I feel like I was in a unique position when I read this book, even though that unique position is shared by literally millions of other fans of John Green. There’s this community that has developed around the youtube channel John shares with his brother Hank (we call ourselves Nerdfighters), and as I think happens with a lot of vlog-style personal youtube channels, if you watch the videos often enough, and over enough time, it starts to feel like you really know that person, even if, like me, you only ever met John for approximately 30 seconds at a book signing over 5 years ago.
So when I read Turtles All the Way Down, it felt like I was reading a book by a friend. I could see so much of John in every page, more so than in any of his previous books. John Green is one of those writers that wears a lot of themselves on their sleeves when they write. His early books (most notably, in my opinion, Looking for Alaska and Paper Towns) feel a lot like stories of his own life, but I didn’t “know” him when he wrote them, so they resonated in different ways for me. The Fault in Our Stars is definitely a testament to the life and death of Ester Earl, which played out in Nerdfighteria, but I was only around for the aftermath. With Turtles, John is really tackling his life-long battle with mental illness, which he’s very honest about in his videos, especially over the last few years.
In a lot of ways, Turtles is a response to TFIOS, but not so much to the book itself as to the explosion around it’s publication and the subsequent movie. I think of those as dark times in Nerdfighteria, not because I didn’t like the book (I did) or because the movie wasn’t a great adaptation (it was), but because if you were paying attention, you could really see the toll that level of stress was taking on John.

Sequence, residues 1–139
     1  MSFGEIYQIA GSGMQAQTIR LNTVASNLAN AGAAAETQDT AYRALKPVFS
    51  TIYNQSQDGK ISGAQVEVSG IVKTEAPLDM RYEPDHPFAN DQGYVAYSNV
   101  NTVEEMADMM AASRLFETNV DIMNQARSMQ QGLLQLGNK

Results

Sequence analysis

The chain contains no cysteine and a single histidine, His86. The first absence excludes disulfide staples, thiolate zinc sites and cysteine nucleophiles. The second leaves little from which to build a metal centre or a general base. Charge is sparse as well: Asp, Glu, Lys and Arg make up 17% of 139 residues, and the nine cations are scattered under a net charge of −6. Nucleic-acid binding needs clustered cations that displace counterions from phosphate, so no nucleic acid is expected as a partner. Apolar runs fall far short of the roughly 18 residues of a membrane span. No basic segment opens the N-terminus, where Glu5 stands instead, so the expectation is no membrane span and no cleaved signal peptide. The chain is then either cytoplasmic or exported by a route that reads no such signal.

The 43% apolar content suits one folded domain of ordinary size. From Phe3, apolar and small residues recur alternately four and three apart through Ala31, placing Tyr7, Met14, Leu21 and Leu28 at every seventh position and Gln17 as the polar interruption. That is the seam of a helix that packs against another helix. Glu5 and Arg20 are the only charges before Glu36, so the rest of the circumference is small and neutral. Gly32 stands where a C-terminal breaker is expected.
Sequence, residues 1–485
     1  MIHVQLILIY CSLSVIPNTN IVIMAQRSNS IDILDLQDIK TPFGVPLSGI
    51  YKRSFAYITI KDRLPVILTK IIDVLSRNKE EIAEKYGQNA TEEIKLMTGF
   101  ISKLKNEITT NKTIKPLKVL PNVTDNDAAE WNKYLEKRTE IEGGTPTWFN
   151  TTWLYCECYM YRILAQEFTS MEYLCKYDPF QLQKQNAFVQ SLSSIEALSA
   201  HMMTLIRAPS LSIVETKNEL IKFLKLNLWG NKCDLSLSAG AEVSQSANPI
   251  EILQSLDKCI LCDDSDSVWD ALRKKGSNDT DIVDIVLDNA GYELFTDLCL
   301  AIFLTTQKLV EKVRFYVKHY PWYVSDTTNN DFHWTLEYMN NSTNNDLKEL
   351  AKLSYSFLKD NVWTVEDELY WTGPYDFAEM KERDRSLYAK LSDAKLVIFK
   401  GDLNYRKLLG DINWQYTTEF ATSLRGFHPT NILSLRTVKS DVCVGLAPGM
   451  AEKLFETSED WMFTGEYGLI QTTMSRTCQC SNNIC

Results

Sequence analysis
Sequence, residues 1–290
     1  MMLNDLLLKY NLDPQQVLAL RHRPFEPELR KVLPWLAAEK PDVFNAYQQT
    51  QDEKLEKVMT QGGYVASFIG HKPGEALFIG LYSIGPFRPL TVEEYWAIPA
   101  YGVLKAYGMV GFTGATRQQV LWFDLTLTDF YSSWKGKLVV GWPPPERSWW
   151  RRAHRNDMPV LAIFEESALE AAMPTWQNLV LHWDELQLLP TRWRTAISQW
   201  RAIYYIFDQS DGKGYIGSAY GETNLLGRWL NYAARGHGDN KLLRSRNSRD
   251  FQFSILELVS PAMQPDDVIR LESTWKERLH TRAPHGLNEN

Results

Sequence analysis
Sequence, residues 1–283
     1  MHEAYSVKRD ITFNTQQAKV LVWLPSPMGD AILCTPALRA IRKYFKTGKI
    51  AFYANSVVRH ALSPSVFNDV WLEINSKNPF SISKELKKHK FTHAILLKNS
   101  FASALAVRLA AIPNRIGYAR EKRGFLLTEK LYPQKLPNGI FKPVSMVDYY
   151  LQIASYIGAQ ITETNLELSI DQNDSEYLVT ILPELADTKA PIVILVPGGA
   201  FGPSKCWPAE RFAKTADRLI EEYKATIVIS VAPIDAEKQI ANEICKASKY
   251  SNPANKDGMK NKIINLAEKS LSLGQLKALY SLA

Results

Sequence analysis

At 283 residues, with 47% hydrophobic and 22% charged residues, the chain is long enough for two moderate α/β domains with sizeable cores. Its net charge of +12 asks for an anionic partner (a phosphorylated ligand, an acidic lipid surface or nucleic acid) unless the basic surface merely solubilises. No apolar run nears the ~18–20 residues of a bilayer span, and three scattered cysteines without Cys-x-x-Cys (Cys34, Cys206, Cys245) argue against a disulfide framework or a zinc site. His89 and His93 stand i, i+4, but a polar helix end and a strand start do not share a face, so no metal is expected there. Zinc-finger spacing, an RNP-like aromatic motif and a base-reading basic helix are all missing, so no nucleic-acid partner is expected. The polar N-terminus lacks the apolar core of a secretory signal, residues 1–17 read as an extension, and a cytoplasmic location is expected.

Some authors never bounce back from a bestselling book like The Fault in Our Stars. It made “John Green” all but a household name. Most people in my life won’t necessarily recognize his name, but they’ll know who I’m talking about when I mention TFIOS. John Green was already a big name in YA and book communities, but the success of the TFIOS book and movie really propelled him into the rest of the public consciousness. It’s hard to follow up that kind of success.
Perhaps ironically, Turtles doesn’t remind me as much of his previous books as it does Fangirl by Rainbow Rowell (one of my favorite books, I might add). Both have characters who suffer from anxiety, although it manifests very differently in both their cases. Both protagonists are struggling to find their way to themselves, while also feeling like a burden to the people around them. They have trouble with romance; they have trouble just functioning in their daily lives, sometimes; and they both fight with this desire to feel or at least act “normal,” which is something that’s easy to relate to even if you’re lucky enough not to be saddled with the extra struggle of having a mental illness. Although both are very targeted in their characters, they’re still easy to relate to, and I think they really add positively to the conversation around mental illness (although I think this without being a part of that conversation, so take that with a grain of salt).